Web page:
Using On-farm Demonstrations to Promote Integrated Pest Management Practices in Tomato Production

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  • 1 Department of Horticulture, Auburn University, AL 36830.
  • | 2 Department of Entomology and Plant Pathology, Auburn University, AL 36849-5624.
  • | 3 Department of Agricultural Economics and Rural Sociology, Auburn University, AL 36830.
  • | 4 Department of Entomology and Plant Pathology, Auburn University, AL 36830.
  • | 5 Agricultural Weather Information Service, P.O. Box 3267, Auburn, AL 36830.
  • | 6 Department of Entomology and Plant Pathology, 105 Extension Hall, Auburn University, AL 36849-5624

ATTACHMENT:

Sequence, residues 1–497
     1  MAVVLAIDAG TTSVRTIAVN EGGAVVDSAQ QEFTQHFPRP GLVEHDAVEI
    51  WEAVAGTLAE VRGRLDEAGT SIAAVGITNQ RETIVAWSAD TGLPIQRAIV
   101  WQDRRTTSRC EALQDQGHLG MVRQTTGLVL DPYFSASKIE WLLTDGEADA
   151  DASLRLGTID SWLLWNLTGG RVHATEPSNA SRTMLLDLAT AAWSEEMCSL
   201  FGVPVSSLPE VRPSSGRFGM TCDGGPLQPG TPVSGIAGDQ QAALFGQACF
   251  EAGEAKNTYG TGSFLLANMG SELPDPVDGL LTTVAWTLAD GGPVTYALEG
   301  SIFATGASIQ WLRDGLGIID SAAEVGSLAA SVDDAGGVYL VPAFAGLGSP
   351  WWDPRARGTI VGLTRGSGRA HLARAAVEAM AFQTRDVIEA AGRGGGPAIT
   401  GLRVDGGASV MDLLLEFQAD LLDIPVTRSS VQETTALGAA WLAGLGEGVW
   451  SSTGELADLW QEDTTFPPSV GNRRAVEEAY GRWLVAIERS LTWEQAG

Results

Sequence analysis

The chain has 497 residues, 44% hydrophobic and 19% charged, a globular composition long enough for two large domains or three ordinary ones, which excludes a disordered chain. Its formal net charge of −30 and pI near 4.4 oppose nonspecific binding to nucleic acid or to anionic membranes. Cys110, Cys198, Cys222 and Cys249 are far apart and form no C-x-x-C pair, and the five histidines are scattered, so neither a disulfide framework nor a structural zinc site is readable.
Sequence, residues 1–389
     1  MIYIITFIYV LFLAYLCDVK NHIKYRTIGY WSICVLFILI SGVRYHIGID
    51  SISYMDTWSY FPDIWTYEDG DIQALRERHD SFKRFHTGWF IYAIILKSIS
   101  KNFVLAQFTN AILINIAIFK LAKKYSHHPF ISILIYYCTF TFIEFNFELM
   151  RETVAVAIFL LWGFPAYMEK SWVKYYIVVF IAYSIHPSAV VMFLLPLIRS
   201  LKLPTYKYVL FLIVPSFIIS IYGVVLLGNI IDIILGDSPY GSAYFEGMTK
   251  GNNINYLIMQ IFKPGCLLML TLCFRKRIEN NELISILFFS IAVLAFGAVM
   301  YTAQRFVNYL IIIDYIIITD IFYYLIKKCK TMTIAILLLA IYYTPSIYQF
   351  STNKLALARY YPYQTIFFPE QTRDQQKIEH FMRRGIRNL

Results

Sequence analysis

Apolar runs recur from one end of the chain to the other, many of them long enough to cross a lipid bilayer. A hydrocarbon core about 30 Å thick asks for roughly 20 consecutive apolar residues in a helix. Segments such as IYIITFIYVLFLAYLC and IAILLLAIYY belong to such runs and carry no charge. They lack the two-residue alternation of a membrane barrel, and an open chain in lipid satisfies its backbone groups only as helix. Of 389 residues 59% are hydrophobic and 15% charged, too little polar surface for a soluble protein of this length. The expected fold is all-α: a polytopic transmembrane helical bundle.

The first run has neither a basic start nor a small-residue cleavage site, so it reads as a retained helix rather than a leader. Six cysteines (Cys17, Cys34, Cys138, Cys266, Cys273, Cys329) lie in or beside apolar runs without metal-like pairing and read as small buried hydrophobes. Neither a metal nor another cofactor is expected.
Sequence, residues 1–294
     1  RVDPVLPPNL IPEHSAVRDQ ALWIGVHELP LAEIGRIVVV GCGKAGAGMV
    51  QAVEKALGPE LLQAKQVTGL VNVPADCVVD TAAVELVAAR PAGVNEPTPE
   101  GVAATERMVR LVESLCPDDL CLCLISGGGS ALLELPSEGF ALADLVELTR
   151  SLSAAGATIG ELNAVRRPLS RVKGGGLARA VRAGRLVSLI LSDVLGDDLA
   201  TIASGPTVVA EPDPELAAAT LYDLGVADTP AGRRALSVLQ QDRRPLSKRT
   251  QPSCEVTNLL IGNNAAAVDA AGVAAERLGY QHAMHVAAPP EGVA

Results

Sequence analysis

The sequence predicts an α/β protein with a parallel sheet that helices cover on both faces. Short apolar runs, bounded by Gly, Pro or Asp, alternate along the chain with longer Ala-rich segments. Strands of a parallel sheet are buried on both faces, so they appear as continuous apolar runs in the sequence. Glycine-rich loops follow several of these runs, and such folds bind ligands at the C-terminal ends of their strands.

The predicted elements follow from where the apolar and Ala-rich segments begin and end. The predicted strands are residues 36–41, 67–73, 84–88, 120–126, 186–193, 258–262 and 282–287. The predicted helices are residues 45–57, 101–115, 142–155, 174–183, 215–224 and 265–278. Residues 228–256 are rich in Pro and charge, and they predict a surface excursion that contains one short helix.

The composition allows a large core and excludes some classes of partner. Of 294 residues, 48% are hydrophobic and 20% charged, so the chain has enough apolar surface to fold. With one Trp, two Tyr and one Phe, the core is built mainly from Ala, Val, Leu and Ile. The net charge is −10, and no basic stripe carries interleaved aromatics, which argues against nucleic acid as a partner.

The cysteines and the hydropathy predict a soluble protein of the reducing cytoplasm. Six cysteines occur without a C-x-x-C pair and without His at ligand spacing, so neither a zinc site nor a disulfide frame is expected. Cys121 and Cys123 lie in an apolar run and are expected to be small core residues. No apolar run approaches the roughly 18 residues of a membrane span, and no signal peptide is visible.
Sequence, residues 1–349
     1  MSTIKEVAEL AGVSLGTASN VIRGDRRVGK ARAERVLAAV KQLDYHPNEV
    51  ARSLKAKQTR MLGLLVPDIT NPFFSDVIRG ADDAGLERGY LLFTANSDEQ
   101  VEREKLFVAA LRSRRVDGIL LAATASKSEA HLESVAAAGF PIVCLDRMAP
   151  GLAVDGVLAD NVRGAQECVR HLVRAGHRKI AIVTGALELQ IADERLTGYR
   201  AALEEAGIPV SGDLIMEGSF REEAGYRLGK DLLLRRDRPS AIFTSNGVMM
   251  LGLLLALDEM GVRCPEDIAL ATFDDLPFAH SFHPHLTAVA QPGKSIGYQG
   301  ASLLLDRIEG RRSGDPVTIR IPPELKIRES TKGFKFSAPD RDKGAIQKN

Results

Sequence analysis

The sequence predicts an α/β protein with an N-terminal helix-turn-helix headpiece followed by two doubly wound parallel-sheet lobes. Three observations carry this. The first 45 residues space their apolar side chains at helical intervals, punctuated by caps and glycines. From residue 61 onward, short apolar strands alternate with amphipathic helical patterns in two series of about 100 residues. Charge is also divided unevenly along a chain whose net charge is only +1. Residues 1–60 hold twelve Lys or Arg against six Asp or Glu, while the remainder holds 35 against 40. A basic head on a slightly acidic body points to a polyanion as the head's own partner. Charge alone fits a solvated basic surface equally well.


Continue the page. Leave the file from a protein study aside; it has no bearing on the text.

The Alabama Tomato Integrated Pest Management (IPM) Program was demonstrated during two growing seasons in southeastern Alabama. The program consisted of a twice-a-week insect/disease scouting service combined with a weather-timed spray program (TOM-CAST). On average, growers made four fewer insecticide applications and three to four fewer fungicide applications when following the IPM program compared to their conventional, calendar-based program. There was no apparent reduction in yield when following the IPM program. An economic analysis indicated that growers following the IPM program saved an average of $54.36/acre ($134.32/ha).

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